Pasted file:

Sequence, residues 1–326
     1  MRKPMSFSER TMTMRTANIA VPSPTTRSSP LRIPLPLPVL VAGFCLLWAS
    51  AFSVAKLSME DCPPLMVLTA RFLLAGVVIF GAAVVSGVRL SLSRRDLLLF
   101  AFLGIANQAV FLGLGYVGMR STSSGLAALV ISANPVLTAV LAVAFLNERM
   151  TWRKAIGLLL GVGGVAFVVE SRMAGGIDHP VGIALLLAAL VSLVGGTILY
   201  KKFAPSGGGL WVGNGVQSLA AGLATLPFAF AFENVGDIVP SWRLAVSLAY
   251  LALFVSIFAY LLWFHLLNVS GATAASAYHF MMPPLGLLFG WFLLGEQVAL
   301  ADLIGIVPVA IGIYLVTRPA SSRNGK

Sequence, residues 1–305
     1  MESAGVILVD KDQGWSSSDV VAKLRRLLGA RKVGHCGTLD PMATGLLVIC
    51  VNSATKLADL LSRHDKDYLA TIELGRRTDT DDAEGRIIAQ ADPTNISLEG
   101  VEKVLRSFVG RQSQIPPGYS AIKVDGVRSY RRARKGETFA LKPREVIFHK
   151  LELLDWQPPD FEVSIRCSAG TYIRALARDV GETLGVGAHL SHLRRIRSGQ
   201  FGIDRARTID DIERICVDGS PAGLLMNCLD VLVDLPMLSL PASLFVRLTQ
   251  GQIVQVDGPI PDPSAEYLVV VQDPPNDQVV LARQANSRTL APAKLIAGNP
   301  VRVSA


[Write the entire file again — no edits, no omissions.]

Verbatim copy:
Sequence, residues 1–326
     1  MRKPMSFSER TMTMRTANIA VPSPTTRSSP LRIPLPLPVL VAGFCLLWAS
    51  AFSVAKLSME DCPPLMVLTA RFLLAGVVIF GAAVVSGVRL SLSRRDLLLF
   101  AFLGIANQAV FLGLGYVGMR STSSGLAALV ISANPVLTAV LAVAFLNERM
   151  TWRKAIGLLL GVGGVAFVVE SRMAGGIDHP VGIALLLAAL VSLVGGTILY
   201  KKFAPSGGGL WVGNGVQSLA AGLATLPFAF AFENVGDIVP SWRLAVSLAY
   251  LALFVSIFAY LLWFHLLNVS GATAASAYHF MMPPLGLLFG WFLLGEQVAL
   301  ADLIGIVPVA IGIYLVTRPA SSRNGK

Sequence, residues 1–305
     1  MESAGVILVD KDQGWSSSDV VAKLRRLLGA RKVGHCGTLD PMATGLLVIC
    51  VNSATKLADL LSRHDKDYLA TIELGRRTDT DDAEGRIIAQ ADPTNISLEG
   101  VEKVLRSFVG RQSQIPPGYS AIKVDGVRSY RRARKGETFA LKPREVIFHK
   151  LELLDWQPPD FEVSIRCSAG TYIRALARDV GETLGVGAHL SHLRRIRSGQ
   201  FGIDRARTID DIERICVDGS PAGLLMNCLD VLVDLPMLSL PASLFVRLTQ
   251  GQIVQVDGPI PDPSAEYLVV VQDPPNDQVV LARQANSRTL APAKLIAGNP
   301  VRVSA